Tuesday, 12 June 2007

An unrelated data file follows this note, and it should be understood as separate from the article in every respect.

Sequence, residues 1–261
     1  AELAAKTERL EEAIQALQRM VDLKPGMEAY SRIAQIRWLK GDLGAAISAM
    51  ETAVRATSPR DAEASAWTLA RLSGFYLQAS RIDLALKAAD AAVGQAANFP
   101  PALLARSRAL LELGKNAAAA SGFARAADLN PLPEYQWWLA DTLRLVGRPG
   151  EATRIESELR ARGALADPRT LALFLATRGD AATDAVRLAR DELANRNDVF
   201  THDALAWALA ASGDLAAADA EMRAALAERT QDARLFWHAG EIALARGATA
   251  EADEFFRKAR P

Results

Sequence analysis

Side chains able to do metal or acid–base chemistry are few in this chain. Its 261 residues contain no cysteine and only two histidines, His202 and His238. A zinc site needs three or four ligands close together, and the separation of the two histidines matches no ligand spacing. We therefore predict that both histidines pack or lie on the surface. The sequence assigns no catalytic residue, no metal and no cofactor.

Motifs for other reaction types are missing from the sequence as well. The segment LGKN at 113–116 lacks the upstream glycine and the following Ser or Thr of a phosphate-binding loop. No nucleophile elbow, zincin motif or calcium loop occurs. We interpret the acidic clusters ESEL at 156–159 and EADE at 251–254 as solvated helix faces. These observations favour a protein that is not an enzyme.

(The following are posts made on the Red Rebel Ranter blog in response to our recent Statement on Venezuela.) Up to recently, the Marxist current of which I am a part, the International Socialist (IS) Tendency, has not been among Chavez’ most fanatical cheerleaders. A good impression of the IS attitude can be found in two articles. Mike Gonzales’ article “Venezuela: many steps to come”, is a general overview of the events from an IS point of view. “Latin America: the return of Popular Power” brings the analysis up to date, to 2007. Both are published in International Socialism Journal, quarterly of the Socialist Workers Party (UK), important component of the IS Tendency. The way I see events in Venezuela, a point of view connected to these kinds of analyses, differs in several respects from the views expressed on The Unrepentant Marxist and In Defence of Marxism(see part 2 of this series). First, the process is, up to now, mainly a process of reforms - important ones, progressive ones, but not in themselves revolutionary. The developments generate enthousiasm among enormous numbers of people, and many of these people are organising themselves to push the process forward. That holds revolutionary potential, but it does not make the ‘Bolivarian revolution’ a revolution - yet. Second, the role of Chavez is much more double-edged than many of his supporters suggest. He is not just the leader of the Bolivarian Revolution, whatever that means exactly. He is, above all, president of the state of Venezuela - in essence, still a capitalist republic playing the game of national and international politics according the rules of capitalism. It seems clear to me that Chavez would like to break with capitalist logic; I have no reason to doubt his sincerity. At the same time, most of the time he does not actually do so. This is not at all surprising. Revolutions that do depend on what a president does or does not do will not come very far. The essential force to move the Venezuelan reforms beyond the limits that the capitalist economy and the bourgeois state impose, is the force from below: people pushing for radical change, not presidents enacting reforms. That the people can push the president in an more radical direction is true. That the president talks about Trotsky approvingly is nice, even touching. But that does not change the fact that the role of mass movements is essential. They, not the president as such, will or will not succeed in turning the Bolivarian revolution into a successful revolution. Third, the events in Venezuela are an important part of the big challenge confronting neoliberalism in Latin America. We have seen the formation of left wing governments in Bolivia and Ecuador. There has been a rise of radical movements - of landless people in Brazil, of coca farmers and miners in Bolivia, of teachers in Mexico, of indigenous communities in Ecuador, Mexico, Bolivia… Together, they express a radicalization that moves in a revolutionary direction. But the Bolivarian revolution is not THE central event in world affairs. The fate of the American empire is being decided most of all in the Middle East, where US imperialism is fighting for its hold on the most important strategic resource: oil. That fight is much more central, much more decisive for the balance of forces on a world scale. Moreover, what happens in Latin America in general, and Venezuela in particular, is closely connected with events in the Middle East. For instance, the US hostility towards Chavez was connected to Chavez’ criticism of the Iraq war even before it started. And the success of the Iraqi resistance in defying and undermining the Iraq occupation means that the US military has trouble finding troops for invading Venezuela, overthrowing Chavez, overturning the reforms and installing a right wing regime. Without the failure of the Iraq war and occupation, I strongly doubt that the US would have tolerated the Bolivarian challenge for so long. Without that failure, the US would not have limeted itself to background support for coup efforts, financial support for the opposition and military support for neighbour Colombia. If the ‘Venezuelan revolution’ will have the time to truly grow into a full-blown revolution, the revolutionaries can thank the Iraqi resistance fighters for providing them with that time. This applies in a broader sense. “The faultline in the Middle East is having its effects everywhere else in the world, by sapping the strengthj and weakening the morale of US Imperialism. Nowhere is this truer than in Latin America”, writes Chris Harman in “The faultlines grow deeper”, International Socialism Journal nr. 11o, april 2006. The crisis of American imperialism, the impending US defeat in the Middle East and the revolutionary beginnings in Latin America - they are connected. To see it like this, to see the connections between events in the US, Latin America and the Middle East seems to me a much better way of analysing things than promoting one series of events in one country as being “the key to the the world revolution” , and pushing other big events to the margins. === I said that the IS Tendency “has not been among Chavez’ most fanatical cheerleaders”. And, as far as I am concerned, an attidude of solidarity, but without hyping the Bolivarian process as the Biggest Event Seen in Many Many Years, is the right attitude. However, hyping the Venezuelan process is exactly what one part of the IS Tendency is doing. That, at least is, how I read their May Day Statement. For instance, they say the following: : “Socialist Worker - New Zealand regards the unfolding revolution in Venezuela as of epochal significance.” And they ask the question: “Is the unfolding Venezuelan revolution the most important leap forward for the workers’ cause since the 1917 Bolsjevik Revolution in 1917? The answer from delegates at Socialist Worker -New Zealand’s recent national conference was a unanimous ‘yes’.” They continue: “The masses in Venezuela are behind a genuine revolutionary project in a way that has not occurred in the last 90 years.” And, in the same vein: “Socialist Worker-New Zealand believes the unfolding Venezuelan revolution, if it continues to move in the direction it’s currently going, will reshape the socialist and labour movements in very country on every continent, just as the unfolding Bolshevik revolution did in 1917-1924.” We also read: “Chavez & Co are at the centre of the most important ‘revolution within the revolution’ since the Bolsheviks pronounced “All power to the Soviets” in 1917 Russia.” I think this is a serious misjudgement, and a dangerous one as well. It is built on a misguided analysis on at least three fronts. The current state of world affairs does not make Venezuela the center of any socialist universe. History between 1924 and the 21st century has seen revolutions unfolding that were at least as influential, important and impressive as the process going on in Venezuela, which is, in essence, still a reform process with inspiring elements of revolution - no more than that. The analysis of the Bolivarian process itself, then, also is faulty. As a whole, I consider the attidudes expressed in this May Day Declaration as in some respects even more exaggerated than that of In Defence of Marxism and The Unrepentant Marxist that I wrote about in part two of this series. Let’s start with the wordl situation today. I think the most central and explosive development is the general crisis of US hegemony. The appearance of elected left wing governments, such as in Venezuela, is part of that - but not the central part. The failing ‘War on Terror’ is the main battle. The fact that the US cannot stabilise its occupations in Iraq and Afghanistan, that resistance forces are slowly but steadily defeating the US and its allies, the fact that the Bush presidency, in a combination of recklessness, arrogance and desperation, is moving closer to war with Iran, which will bring about an ever bigger quagmire for the US - these facts combined show what is going on: the US effort to grab the main oil fields in the world - i.e. world power - is not at all going well. US succes or US failure in the Middle East and West Asia? The fate of the world for years to come depends on the answer to that question. Suppose that the US defeat becomes a fact. US forces leave Iraq, US and other NATO forces leave Afghanistan, the US battlefleet leaves the Persian Gulf and stops threatening Iran. That would mean an even bigger US defeat that the result of the Vietnam War. In the Middle East, there is much more at stake than Cold War prestige and the “bad example” of allowing a small country its independence. In the Middle East, the fight is about oil, an essential part of financial and strategic power in world capitalism. Losing the Middle Eastern and central Asian oilfields does nog mean losing the world. But it would be a giant step in that direction. A US defeat would resonate world wide. If the Biggest Boss on Earth can be defeated - not by another big boss, but by lightly armed guerrilla foreces in poverty- stricken countries - then every boss, anywhere in the world, has a lot more to fear. And every worker, poor peasant, slum-dweller will have something less to fear. If Bush can be defeated, any boss can be defeated. In Socialist Worker (UK), 10 June 2006, Jonathan Neale says: “In most people’s minds, the power of the market and the power of the US have become colsely related. If the empire cracks, the domination of the market inside or minds will crack too. Moreover, these effects will be amplified because most people believe it can’t happen. If the Iraqis can win, people will say, then we can take on our government - or our supervisor, of our head teacher. Every manager will lose some confidence.” Revolt will rumble and roll, in ways not seen since the sixties or even the twenties of the 20th century. And Venezuelan events will be a proud and inspiring part of that world wide revolt. On the other hand - if the US manages to escape defeat, if it manages to drown the resistance in Afghanistan and Iraq in blood, if it manages to succesfully defeat Iran and impose a semblance of neoliberal ‘order’ in the region - and if it gets its hand on the oil - the world will enter a truly frightening episode. Everywhere, the powers-that-be, will sleep much easier. Everywhere, left wing movements and other forms of popular resistance will feel the heat. Very likely such a U.S. victory - or at least a bloody postponement of defeat for quite a numer of years - is not. But possible it certainly is. Such a turn of events would mean that the Chavez government, the Bolivarian process, and the mass movement in Venezuela, will lose the “space for Venezuela’s socialist Chavistas to seriously challenge capitalism on Washington’s doorstep” that Socialist Worker-New Zealand talks about. Venezuela, its goverment, reforms and mass movement will then be under acute threat of full-scale military intervention from Washington. What, then, should be the order of priorities for socialists and socialist organisations? First: bring US defeat closer, in order to help open wider the floodgates of revolt. That means: build more pressure against both occupations, against the impending attack on Iran, but also against any kind of intimidation going on against, for instance, Venezuela. Second: strengten left-wing influence, socialist organisation, within that struggle. For anti-imperialism to be consistent, it should attack the roots: not just the American empire, but its capitalist roots. And we do not want to replace one empire by another. Stronger anticapitalist, socialist, forces are needed within the broader waves of struggle and resistance. Here, the Venezuelan events certainly are relevant. They provide inspiration. And the fact that an elected left-wing government talks of building socialism and that this talk is somehow connected to forms of mass mobilisation helps socialists everywhere. But there are other mass struggles to inspire us, other forms of resistance, who are as relevant and exiting for socialists as the Bolivarian revolution. Venezuela should not be promoted out of proportion, to the exclusion of these other things happening. Let me give just one example of one such inspiring chain of events. Egypt is undergoing a giant strike wave, with sit-in strikes an factory occupations. Socialists are getting a hearing and a certtain amount of influence within that struggle. Joel Beinin and Hossam el-Hamalawy analyse events in “Strikes in Egypt Spread from Center of Gravity” (Middle East Report, 9 mei 2007); The events can be followed on a daily basis on 3arabway, Hossan al-Hamalawy’s weblog. The importance should be clear: workers’ revolt is threatening an important American ally in the Middle East; and the left wing dynamic provided by the combination of strike action and socialist organisation combines, shows that there are other forms of resistance in that region than the usual Islamist ones, with all their limitations. It is one example of imperialism beginning to be connected to anticapitalism. If the Mubarak regime would be overhrown by mass revolt, with mass strikes as the backbone of that revolt and socialist organisation providing leadership, the whole picture of the Middle East would be drastically different, and drastically more hopeful. Venezuela is not the only country where things are happening to get enthousiastic about. Not at all. Battles are raging in many corners of the world, hope springs in all kinds of different places, and our choices should reflect that. === According to Socialist Worker-New Zealand in its May Day Statement, the Venezuelan revolution is the most important revolutionary development since theRussian revolution and its direct aftermath. Both the dept and breadth of the revolutionary process and the potential impact of the events on the international revolutionary movement seem to be the basis of this judgement. On both counts, the judgement shows a serious underestimation of revolutionary developments and episodes during the past 90 years. As far as revolutions go, it seems rather ridiculous to portray Venezuela as the biggest one since Russia 1917-1924. There are a number of other other candidates for this honourable position. What to think, for instance, of Spain 1936-1937? In 1936, working class revolt stopped the military coup by which the army tried to overthrow the elected, left-of-center government of the republic. The army leadership detested not just that government; they hated and feared the militancy of workers’ and peasants’ organisation. The mass resistance of peasants and workers, above all in Barcelona, grew into revolution. Workers’ organisations - the anarcho-syndicalist union federation CNT above all - took over factories and put them under collective workers’ management. Peasant communes appeared in parts of Spain. Several million workers and peasants liven for moths in these kind of revolutionary democratic structures. Libcom.org, a libertarian communist website, has put together some data in “Statistical information on socialization in the Spanish Revolution”. For instance: “Gaston Leval talks about”revolutionary experience involving, directly or indirectly, 7 to 8 million people”, and “Frank Mintz estimates 1,265 to 1,865 collectives, ‘embracing 610,000 to 800,000 workers. With their families, they involve a population oaf 3,200,000…’ (p. 149)”. The goverment, made up by liberals and Stalinists, at one stage even with anarchist participation, rolled back the revolutionary wave, sabotaged collectives, demoralized workers and peasants - and lost the war against the fascists and the army. But, in those few months that the Spanish revolutioin was at its height, it went much, much deeper, in a much more radical fashion, than anything seen in Venezuela in recent years. An interesting, polemical article on the revolution is Jim Creegan’s “What Happened in the Spanish Civil War?” in the marxist magazine What Next. Another important example of a revolution that, for a while, opened up a road to the overhrow of acpitalism in all its forms has been Hungary, 1956. There, a student revolt led to an enormous demonstration against the Stalinist regime. Deadly repression was answered by workers’revolt. An array of revolutionary committees and workers’councels first broke the back of the Stalinist staten, put the succeeding govenrment under constant pressiure and then organised the resistance against the Russion invasion. In the meantime, these organs of revolutionary democracy basically ran society, until the Russian army succeeded in restoring the Stalinist state. Peter Fryer, journalist for the Communist Daily Worker, wrote a book about it called “Hungarian Tragedy”. He was thrown out of the Communist Party because in the book he took the side of the workers in revolt, against their Stalinist bosses that still were considered ‘comrades’ by that party. Other revolutions and almost-revolutions, with enormous mass participation, show how wrong it is to pretend dat “(t)he masses in Venezuela are behind a genuine revolutionary project in a way that has not occurred in the last 90 years”, as the writers of the May Day Statement do. There has been the Portuguese revolution in 1974-1975. A militry coup of left wing officers overthrew the fascist dictatorship of Caetano. That could, if one wants, ben compared wit Chavez coming to paower through elections, the beginning of revolution. But then, the masses moved much further. A strike wave, a series o factory occupations by workers, peasant activism against big land owners, a radical soldiers’movement…. it represented a revolution-within-the-revolutuion that went much further than the Venezuelan process upo to now, especially in the most important sphere of capitalism: in the factories. The revolution failed. Parliamentary left wing parties succeeded in channeling the movement in reformist channels, the radical wing of the movement lacked coherent organisation and an adequate strategy. Reading Tony Cliff, “Portugal at the crossroads”, one gets a sense fo both the possibilities and of the tragedy unfolding. In a later article, “Portugal: The lessons of the 25th November”, Cliff looks back on that went wrong. Should I go on, giving example after example of revolutions far surpassing the unfolding Venezuelan process? The Iranian one springs to mind: mass demonstrations involving millions, an oil strike, mutinies - overhroowing the ferocious dictatorship of the Shah in 1978-1979. Weeknesses of the left opened the road for the Shiite leadership around Khomeini to derail the revolution. “Memory Lane - Looking back at the road to revolution”, on Iranian.com, is a day by day account of the revolution; not much analasys an context, lots of interesting quotes and facts. “Iranian Revolution”, on Lenin’s Tomb, analyses the politiocal manoeuvrings by which the left was sidelined and the religious leadership gained control; unfortunately, he gives less weight to the workers’ movement than I think would be correct. Then, there were the Polish workers’ mass strikes of 1980, when between nine and ten million organised themselves within weeks in an independent trade union, Solidarnocs, against the stagnant Stalinist regime. It took the state 16 months to begin restoring their order. They were helped by a Solidarnocs leadership constantly trying to escape the inescapable: all-out confrontation wth the regime. By the time the confrontation came, in the form of a state of emergency, December 1981, the masses were already growing demoralised. Another revolutionary opportunity needlessly going down the drain. Colin Barker gives a summary of the events in “The Rise of Solidarnocs”, International Socialism Journal, nr. 108, October 2005. What all these have in common are two things: first, they were all eventuelly defeated, and bourgoeis or bureaucratic capitalist order was eventually restored. In that, they are different from Venezuela, where things can still move either to defeat or to victory. Second, they all had as its centre workers’ movement operating independently, organising in a radical fashion, and beginning to lay the seeds of an alternative society beyond capitalism. In that, they went much further than the Venezuelan process up to now. Yes, communal councils, instigated from the president’s office, are nice, and they open the door to more thoroughgoing change; the few factories in Venezuela operating under workers’ control are a beginning, and they form an inspiring example. But, compared to the collectivisation in Barcelona 1936-37 or the radically democratic trade union movement in Poland 1980-1981, the working class movement in Venezuela still has quite a long way to go. Describing, therefore, the Venezuelan events as “the most important leap forward for the workers’cause since the 1917 Bolshevik revolution”, as the May Day Statement does, is wrong. There have been earlier, and bigger, leaps forward. That those leaps did not, in the end, succeed, is true. That the Venezuelan process may, hopefully, turn in a leap forward that does succeed, is much to be hoped. But, to help such a revolutionary breakthrough succeeding, we need good politics. Good politics cannot be built on bad history. And ignoring the greatness of twentieth century revolutions like the ones in Poland, Iran, Portugal, Hungary and Spain, looks like very bad history indeed. === The May Day Statement, published by Socialist Worker-New Zealand, considers the Venezuelan process of change “the most advanced revolutionary upsurge in 90 years” and talks of “the global socialist regroupments it will inevitably set in motion.” In part 5 of “Venezuela: don’t overdo it, comrades”, I tried to show that there have been revolutionary upsurges at least as advanced as the one beginning to unfold in Venezuela. Now, I want to show that there have been revolutionary events with consequences for international revolutionary politics at least as big as those of the Venezuelan events. Three years of revolutionary change immediately spring to mind. The first is 1956. In that year, the Stalinist bloc openly went into crisis. That crisis had been brewing sice the death of the tyrant after which the system was named, in 1953. In june of that year, East german workers revolted against the dictatorship; Russian tanks saved the regime. But the Russsian leadership began to realize that you cannot run a modern economy and en empire purely on repression. Fear is not the most efficient motivating principle if you need to raise productivity, especially the productivity of skilled wokers, technicians, scientists. And raising productivity is a necessity, for a state capitalist economy as the Stalinist one as much as for a more market-oriented economy. International competition, mainly through the arms race, was the priority for both sides in the Cold War. So, reforms became neccessary. That was the background for Khrusthovs (not so )Secret Speech on the crimes of Stalin. Khrushov and other leaders wanted to open up the system a bit, to make it somewhat more flexible. For party leaders was a technique to cosolidate and modernise their power. But many intellectuals saw the reform process as an opening for real freedom. Agitation for democratic reforms and a further lessening of repression grew. This linked uo with the discontent of workers who had already been pushed beyond limits of endurence. In Poland, workers revolted in Poznan in 1956; later that year, a reform movement under Gomulka, a party leader who had been purged, took over the governbment. But the new leadership used the hopes among workers and intellectuals - and channeled the movement in order to tame it. Unfortunately, this move succeeded, deeper revolt was contaned, and the Stalinist state stabilised itself in a somewhat liberalised version. In Hungary, the pressure for democracy combined with workers’ revolt in a much more radical fashion. Open revolution was the result - one of the classic proletarian revolutions of the twentieth century. The whole chain of events had enormous consequences for the international left.From 1956 onwards, Stalinism was no longer the unchallenged power in the workers’movement that it was before. People began to re-discover elements of the Marxist tradition that had been beriedf under Stalinist distortion. A few found their way to revolutionary Marxism in its Trotskyist form. Others developed what tended to be called Marxist humanism, an open-ended collection of ideas. A UK magazine like New Left Review started from this kind of inspiration. But, whatever the direction became that a whole number of radicals took - there now was a growing space to the Left of the Stalinist parties. When new upsurges of revolutionary struggles appeared, there were small, non-Stalinist left groupings. Many of them owed their ideas, their strength or even their existence to that eventful year, 1956. Paul Blackledge has a long and fascinating article on the events of 1956 and their consequences of the Left: “The New Left’s renewal of Marxism” , International Journal, no. 112, Autums 2006. The same issue of that review also has an overviuw of the Hungarian Revolution”: Mike Hayne’s “Hungary: workers’councils against Russian tanks”. The next big wave of revolutionary struggle can be symbolized by the year 1968. That was the year of the big events in France, when student revolts was followed by a giant general strike and factory occupations on a big scale. It looked like revolution. And, even though the struggle subsided, its consequences for the Left were serious. The whole idea theat the working class in Western countries would never revolt, was thoroughly integrated within capitalist society, was much to comfortable to start anything truly rebellious - that idea took a beating. Revolutionary marxism - with its insistence on the centrality of the working class - suddenly sounded less exotic that it had done for decades. In the same year, the crisis of Stalinism went into a new phase. In Chechoslovakia, the Communist leadership opened up a series of reforms. A process similar to that in 1956 in Poland and Hungary unfolded. Intellectuals and students built pressure for democratization. Workers began to fight for their class demands, pressure for the formaton of enterprise councils grew. The party leadership - led by Alexander Duncek - tried to ride the wave, probably hoping to do what Gomulka succeeded in doing. The Russian leaders, fearing the spread of the virus of radical change and the undermining of the bloc they led, lost patience. They sent an invasion force, and the waven of democratic struggle, with all its revolutionary potential, was strangled. Again, the consequences were momentous. Stalinist parties in the West went into deep crisis. Many of them refused to support the Russian interventyion, and began to move in an openly social-democratic direction in what became known as ’Eurocommunism’ . At the same time, the Trotskyist idea that revolutionary change was needed in the East as well as in the West, was again vindicated. In combination with the French May revolt, this gave revolutionary Marxist ideas a noticeable boost. The LCR, for instance, the Trotskyist organisation whose candidate Olivier Besancenot gained an appreciable result in the French presidential elections, can trace inportant roots to 1968. The International Socialists, forerunner of the Socialist Workers Party in Britain, also built itself into a sizable organisation in 1968 and after. A big factor in the growth of the revolutionary left was a third big event in 1968: the Tet Offensive, through which Vietnamese resistance forces proved without a saemblance of doubt that the US was losing the war in Vietnam. Strong antiwar movements already existed in both the UK and the US; the events of 1968 gave them a boost, and revolutionaries were in the middle of these movements and tried to strengthen anti-imperialist ideas within and through that movement. Both the Socialist Wokers Party (US), then still Trotskyist, and the International Socialists (UK), now the Socialist Workers Party, bult both that movement and, within and through that movement, their own organisation. France, Chechoslovakia and Vietnam together meant: anticapitalism, anti-Stalinism and anti-imperialism. Around those ideas, a serious revolutionary left began to be founded. By the way, the best book I know on the events of 1968 and after still is “The Fire Last Time” by Chris Harman. Then there was the year 1989. This was the year of the ‘End of Communism’ - of the fall of the Berlin Wall, and the overthrow of the one party dictatorships in most Eastern European coutries (Albania followed in 1990-1991, in Russia the process was somewhat more extended, between 1989 and 1991). The events were enormously inspiring and, at the same time, enormously problematic in their consequences for the left. Inspiring: democratic workers’ movements first challenged, then overthrew a whole series of authoritarian police states that, only months earlier, looked quite powerful. Problematic: what does it mean for socialists, when states widely considered as socialist, or on the way to socialism, or at the very least post-capitalist - suddenly are overhtrown by the workers in whose name their rulers supposedly ruled? The events happened fast. Strikes in Poland in 1988 pushed the leaders into negotiations; in the end, they agreed to elections, which they decisively and overwhelmingly lost. Mass demonstrations and mass refugee movements in East Germany first forced out the hated Honecker, then forced the new leadership to open the Berlin Wall. Then, workers simply started to dismantle the thing. In Romania, demonstrations turned into insurrection when Ceasescu’s soldiers and Securitate shot at demonstrators. Soldiers joined the people in revolt, and we had a revolution in Romania on our TV screens just before Christmas. A fes weeks before that, a student demonstration in Checkoslovakia was attackes by riot police; daily mass demonstrations, and a two-hour general strike, disposed of another Stalinist regime within two weeks. All these regimes supposedly were socialist, goiverning in the interest of the workers. And in one country after another, workers were at the centre of the revolt against these regimes. This was the irony, both inspiring and cruel, of those events. It was inspiring for socialists who had been explaining for years that these regimes had nothing to do with socialism, except the symbols and the rhetoric; in reality, these regimes represented a form of capitsalism whre the state operated as capitalist, and a bureaucracy led that state. The character of those societies was bureaucratic state capitalist. Socialists who held this analysis were not at all discouraged by the overthrow of Stalinist states. However, after a few months in which the situation could develop in all kinds of ways, all these states moved towards a much more openly market-based captalism. Privatisation and liberalisation (and unemployment and rising prices) became the order of the day. As such, this was a rather uninspiring outcome of inspiring events. The fact that people turned away from Stalinism, not towards revolutionary socialism but to the free market and liberal democracy was not surprising. When you have bene oppressed and exploited by bosses who called themselves socialist or communist, it is not strange that you reject socialism and communism and the Marxism supposedly at the root of all this. “The problem is that genuine commuinism, planning and the red flag are all identified with an oppressive regime” (Tony Cliff, “Earthquake in the East” , Socialist Review, December 1989). So people who in other circumstances would have been attracted to socialist ideas, now turn to the idea that the market can solve most problems. Left wing politics internationally suffered the consequences, because the largest part of the left held on to the idea that, yes, the Stalinist one party states were either soclialist, in between capitalism and socialism, workers’states albeit with degenerations or deformations or whatnot. Now these states had collapsed. “From the West it looks as if socialism has no future as the regimes are falling to pieces. This is a massive boost to the right” (again, Cliff, writing while the events were still unfolding). The currents, for instans the International Socialist Tendency, who held on to the idea that the regimes had beet state capitalist all along were very much on the margins, and could not insulate themselves totally from the general demoralisation much of the radical left suffered. Still, the theory othat analysed those one party states as a form of capitalism made it possible for socialist not to totally drown permanently in depression, to continue, preparing ourselves for new moves forward. That brings us to the present day. We have seen three chains of events with tremendous repercussions, good and bad, for the international Left. Can it truly be said that the ramifications for the Left of the Bolivarian process in Venezuela are already on the same order of magnitude? === Evaluating the Venezuelan process known as “Bolivarian Revolution”, I argued that several of 20th century proletarian revolutions were much more radical, went much deeper, than the Venezuela events up to now (part 5 of this series); I also tried to show that there have been much more important turning points for the Left than the unfolding reforms in Venezuela (part 6). Now, I want to turn to the events themselves, and the way Socialist Worker - New Zealand’s May Day Statement evaluates them. We read in that Statement: “There is, at present, a dual power situation in Venezuela where opposing class forces are ‘balanced out’.” There are two “class coalitions” which have to fight it out. Presumably, one of the coalitions consists of Chavez and his supporters, both in government and Congress, and in the various mass organisations, Missiones, communal councuils. The other constists, we may assume, of big business and the parts of the state that are controlled by the right wing opposition (a number of state governors, for instance). Now, this seems to me wrongheaded. The state as such still is organised top-down, in a bureaucratic fashion. The whole structure is imbedded in a capitalist economy. The fact that Chavez trties to use the parts of the state that he controls to enact reforms that improbve poor people’s lives is encouraging and should be supported. But this is radical social democracy in action within existing structures. It is not opposing workers’power from below to the structures of capitalist state and economic power. Yes, there are the communal councils, built in a radical fashion, partly from below. Yes, there are the missiones. But these programmes to enact radical improvements in health, education and housing are funded through parts of the central state which spends its oil profits on these reforms. That is all, of course, most welcome. But, however much the people involved at the bottom are encouraged to co-manage the execution of the programmes, ist is still the centre that initiates them, funds them, and controls the outlines. Again, this is radical social democracy in action. A class coalition of workers and peasants, acting independently against another coalition of capitalists, landowners and their state is something else again. What we see in Venezuela is a progressive reform coalition, acting both within and alongside the existing state structures, but in general not against them. Yes, within that reform coalition there are pressures to act more independently, to radicalize the process, to escalate the process from below, in the direction of real revolutionary change. These pressures could grow, and that is an exciting prospect. That could lead to a dynamics in the direction of dual power, with workers’and peasants organisations confronting capitalist power. But it is misleading to say that what could hopefully evolve in the future , already exists in fact. That a large numer of Veneuelans are actively involved in the process, as the Statement claims, is true. That millions of people voted for Chavez on an openly socialist programme is a fact. But mass involvement in a radical reform movement does not, in itself, mean that we have a revolution unfolding. That would only be the case if the mass movement was acting independently, on an ongoing basis. Eruptions of independent mass struggles - as for instance the giant revolt that defeated the April 2002 coup and brought Chavez back to power - show that the potential for revolution exists. But these are episodes; the process as such still depends largely on the structures around Chavez’ leadership, with the direction and impetus coming from the top down. Tha quantity of mass involvement is immense; but the independent quality of that involvement still seems rather limited to me. It is striking how much the statement stresses the “positive initiatives of the leadership”. Yes, Chavez praises Trotsky and talks about a radical, democratic, non-bureaucratic socialism. That is positive. But, to judge a process, we should not start with what the leadership of that process says. There often is a big diffenrence between what leaders think they are doing, and what they actually do. And what they actually do should not primarily be expolained by their own ideas, but by analysing the situation in its totality. Here, it must be said that much of what Chavez is saying is probably entirely sincere - but also mostly rhetoric. With all the talk of socialism, capitalism is doing quite splendidly in Venezuela at the moment. Profits are high, and the state is quite willing to negotiate with big capital. Banks, for instance,are making tremendous profits in Venezuela. Worker-managed enterprises, cooperatives, communal councilsm missiones - they all exist and show embryonically an alternative way of running society. But they exist alongside capitalist firms which still control the bulk of the economy. And the leadership, with all its socialist talk, seems quite willing to tolerate that situation. The taking over of factories by workers almost alway involved factories abandoned or bankrupted under the owners - not the factories run y them in a profitable way. Peasants are allowed, sometimes encouraged, to take over landlords’ territories - but almost always it involves unused lands, or lands for which the landlords don’t have legal ownership documents. Serious encroachments on capitalist properties by workers and peasants are very rare. The socialist revolution in Venezuela has, in an economic sense, still to begin. The Statement mentions a number of measures under the heading “Challenging the market”. There is the nationalisation of oil, telecom and power. There is the redistribution of oil wealth thropugh the missiones.There are minimum wage increases. There are measures against tax evasion by the rich. There are maximum prices of food. And there are moves to end the independence of the Central Bank. Al these things are positive reforms. But do are they truly “challenging the rule of capital” as the Statement says? I think rather not. The nationalisations are an example. If succesful, they transfer the power over companies from private companies to the state. This was quite common in Western Europe after World War II. As long as the state companies are run by government bureaucrats to make a profit for the state, the rule of capital is not challenged, only restructured. And in Venezuela “nationalisation” often even did not go that far. What happened is usually that the state took over oil installations in order to force the oil companies to re-negotiate the amount of profits they could keep and the royalties that went to the state. This shifted resources to the state, but it did not break the power of capital. And when the state takes really over a company, compensation is paid. The capitalist loses the company but not his financial power to buy another one. Again, I don’t see much challenge to the rule of capital here. Then, the redistribution of oil wealth through the misiones. This does not, as such, break capitalist power. It is what social democrats used to do when they were still both more or less social and democrats (i.e. long before New Labour, before the Third Way). And the mechanism depends on making those oil profits. It is redistribution within capitaslism and depending on a flourishing capitalism. Overthrowing capitalism is something else. Increasing the minimum wage is a beautiful thing. It happens in all kinds of countries, sometimes in the United States. There is nothing especially anti-capitalist about it. The right wing trade union, party of the opposition coalition, reacted to this years increase by demanding an even bigger one. And stopping the rich in their efforts to evade taxes makes sense, even within capitalism. Any capitalist state sometimes clashes with individual capitalists, for instance around taxation. One of the roles of such a stateconsist of enforcing the general interests of capital - against workers’challenges but also against individual capitalists. Again, no challenge to the market, only enforcing capitalist rules amongst themselves. Price regulations of foodstuff are indeed limiting the making of profit. But, as long as there is no social - i.e. workers - control of production itself, price controls will be weak and very hard to enforce. Bringing the Central Bank under control limits the independent power of this crucial capitalist intitution. But as long as that controil shifts to the goverment, to Chavez, there is a shift within capitalist power, no break with that power. Let us remember that the United Kingdom only introduced the independent position under Tony Blair! Before that - i e. under Toriy goverments like the ones of John Major and Margaret Thatcher - that independence was limited. Was there a “challenge to capital” in existence - or only a remnant of a different way of running capitalism? There is much more to be said about the Venezuelan events, and the much too positive evaluation that Socialist Worker -New Zealand makes of them. The formation and building of the United Socialist of Venezuela (PSUV) - initiated by Chavez - is a case in point. With that, I conclude this series. The Statement explained that the building is done “from below”. An interview with Orlando Chirino, published on the website of International Socialism Journal, sheds some light on what actually is going on. It appears from his words that the pressure to accept Chavez’ model of socialism is quite strong. And that model accepts a role of private and even multinational capital, even sees some of them as partners, is not enthousiastic about expropriating capitalist enterprises in important sectors. Also, Chavez seems to want to bring the left wing trade union federation UNT within the party, a rather dangerous thing to do. Orlando Chirino, one of the leaders within the UNT, asks worriedly: “Will all PSUV members beobliged to support the decisions of the goverment and its bureaucrats? Will the new party become more than just an appendage of goverment?” A critical perspective, such as that brought forward by Chirino, is essential. That applies not just to the PSUV; it applies to the whole Venezuelan reform process as well. An important development it truly is; and it deserves our full, but always critical, solidarity against the right in Venezuela and against Western imperialism. But the center of the universe for socialists it certainly should not be.